House District 33 candidates discuss issues at forum
House District 33 candidates discuss issues at forum
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Broomfield residents running for House District 33 tackled questions ranging from reproductive rights and transportation to education and the economy.

Mindy Quiachon, a Republican small business owner, and Matt Gray, the Democrat incumbent, introduced themselves over a Zoom forum Thursday evening hosted by the Broomfield Chamber of Commerce. All the questions were submitted by Broomfield residents before and during the forum.

A copy of the video can be viewed at broomfieldchamber.com and will be available in a few weeks.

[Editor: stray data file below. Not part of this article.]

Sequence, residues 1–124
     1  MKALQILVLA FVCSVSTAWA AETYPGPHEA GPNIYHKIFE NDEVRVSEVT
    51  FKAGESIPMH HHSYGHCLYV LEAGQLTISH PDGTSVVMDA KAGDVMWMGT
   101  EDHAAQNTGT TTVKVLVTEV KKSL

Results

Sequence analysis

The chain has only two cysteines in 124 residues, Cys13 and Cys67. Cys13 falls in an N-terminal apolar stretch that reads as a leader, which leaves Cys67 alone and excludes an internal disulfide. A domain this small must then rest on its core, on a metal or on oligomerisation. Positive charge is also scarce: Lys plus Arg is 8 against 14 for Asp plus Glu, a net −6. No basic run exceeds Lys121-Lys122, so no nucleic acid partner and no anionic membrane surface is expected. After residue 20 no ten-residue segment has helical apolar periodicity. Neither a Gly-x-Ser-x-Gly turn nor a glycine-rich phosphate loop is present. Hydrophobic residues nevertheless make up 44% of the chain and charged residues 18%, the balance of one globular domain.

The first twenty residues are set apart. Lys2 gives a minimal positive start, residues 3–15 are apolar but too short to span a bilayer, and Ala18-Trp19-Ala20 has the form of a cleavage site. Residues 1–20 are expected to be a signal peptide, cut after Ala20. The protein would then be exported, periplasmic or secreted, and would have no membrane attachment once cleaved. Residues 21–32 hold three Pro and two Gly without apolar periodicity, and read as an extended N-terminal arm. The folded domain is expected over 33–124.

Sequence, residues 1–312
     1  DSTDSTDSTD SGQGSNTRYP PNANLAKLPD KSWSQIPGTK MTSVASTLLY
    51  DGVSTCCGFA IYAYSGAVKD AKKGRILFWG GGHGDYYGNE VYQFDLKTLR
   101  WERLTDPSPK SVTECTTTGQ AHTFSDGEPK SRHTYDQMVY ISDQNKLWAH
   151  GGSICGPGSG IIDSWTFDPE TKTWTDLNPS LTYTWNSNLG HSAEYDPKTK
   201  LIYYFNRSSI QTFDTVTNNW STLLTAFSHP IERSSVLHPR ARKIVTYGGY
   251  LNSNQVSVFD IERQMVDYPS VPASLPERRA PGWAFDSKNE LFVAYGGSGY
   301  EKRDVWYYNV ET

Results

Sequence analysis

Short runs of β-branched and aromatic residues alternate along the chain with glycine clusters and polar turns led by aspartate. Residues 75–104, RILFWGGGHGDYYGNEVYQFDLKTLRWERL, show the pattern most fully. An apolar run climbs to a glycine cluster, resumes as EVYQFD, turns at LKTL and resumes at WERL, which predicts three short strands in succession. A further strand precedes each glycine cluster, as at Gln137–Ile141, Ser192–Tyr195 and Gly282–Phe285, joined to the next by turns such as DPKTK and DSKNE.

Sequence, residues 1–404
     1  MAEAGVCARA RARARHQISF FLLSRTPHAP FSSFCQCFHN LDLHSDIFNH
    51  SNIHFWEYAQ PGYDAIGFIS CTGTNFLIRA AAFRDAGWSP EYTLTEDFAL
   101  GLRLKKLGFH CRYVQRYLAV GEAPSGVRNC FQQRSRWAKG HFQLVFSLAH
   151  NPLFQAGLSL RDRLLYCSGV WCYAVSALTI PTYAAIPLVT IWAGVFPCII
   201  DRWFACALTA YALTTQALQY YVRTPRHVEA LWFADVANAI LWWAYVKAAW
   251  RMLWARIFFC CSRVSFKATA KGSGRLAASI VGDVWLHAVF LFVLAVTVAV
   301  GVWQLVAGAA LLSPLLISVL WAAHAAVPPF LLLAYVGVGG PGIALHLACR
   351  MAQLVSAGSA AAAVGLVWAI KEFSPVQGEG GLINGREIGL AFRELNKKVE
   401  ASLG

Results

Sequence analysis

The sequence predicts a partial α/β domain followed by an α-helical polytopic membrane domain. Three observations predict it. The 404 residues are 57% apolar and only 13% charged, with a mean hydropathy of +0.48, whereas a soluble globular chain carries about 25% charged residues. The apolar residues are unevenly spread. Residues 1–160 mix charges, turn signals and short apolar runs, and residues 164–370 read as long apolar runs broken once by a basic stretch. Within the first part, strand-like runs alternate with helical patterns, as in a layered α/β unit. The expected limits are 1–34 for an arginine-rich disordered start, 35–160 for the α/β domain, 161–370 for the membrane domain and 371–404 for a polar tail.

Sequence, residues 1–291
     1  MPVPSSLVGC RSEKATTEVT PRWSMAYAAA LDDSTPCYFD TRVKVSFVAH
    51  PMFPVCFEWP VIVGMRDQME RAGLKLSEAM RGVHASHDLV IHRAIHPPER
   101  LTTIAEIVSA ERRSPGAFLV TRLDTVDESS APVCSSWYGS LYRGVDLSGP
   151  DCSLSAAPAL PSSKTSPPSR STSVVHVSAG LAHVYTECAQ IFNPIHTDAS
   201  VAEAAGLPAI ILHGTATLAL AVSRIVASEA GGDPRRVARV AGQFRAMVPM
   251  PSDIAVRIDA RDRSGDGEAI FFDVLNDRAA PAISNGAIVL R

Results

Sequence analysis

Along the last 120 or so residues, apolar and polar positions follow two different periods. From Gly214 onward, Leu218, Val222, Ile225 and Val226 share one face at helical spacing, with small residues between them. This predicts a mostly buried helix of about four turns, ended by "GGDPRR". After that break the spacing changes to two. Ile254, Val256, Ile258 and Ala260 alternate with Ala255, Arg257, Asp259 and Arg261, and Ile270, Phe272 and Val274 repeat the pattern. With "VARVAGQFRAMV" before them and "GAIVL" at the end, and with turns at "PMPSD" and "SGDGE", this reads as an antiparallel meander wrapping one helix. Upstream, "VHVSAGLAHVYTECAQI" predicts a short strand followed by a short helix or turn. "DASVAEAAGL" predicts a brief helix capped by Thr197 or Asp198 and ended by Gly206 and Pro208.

The chamber will host another forum 6 p.m. Tuesday for candidates running for State Senate District 23, Barb Kirkmeyer (R) and Sally Boccella (D).

Quiachon, who serves on Broomfield’s Housing Advisory Committee, described herself as someone raised on strong Christian values. She said she has a passion for education and wants to fight for school choice and stand against “anti-God and anti-American indoctrination” that she said is taught in schools and by the media.

Mindy Quiachon
Matt Gray

Her other priorities are keeping the community safe, health care, transportation and supporting small business, as she and her husband own two UPS stores.

Gray, who was elected to the seat in 2016 and was re-elected for a second term, talked about the difficult year dealing with the pandemic and a tough budget year. He said he is proud of things he and other lawmakers were able to accomplish during that time, including reinvesting $135 million into public education over the next few years.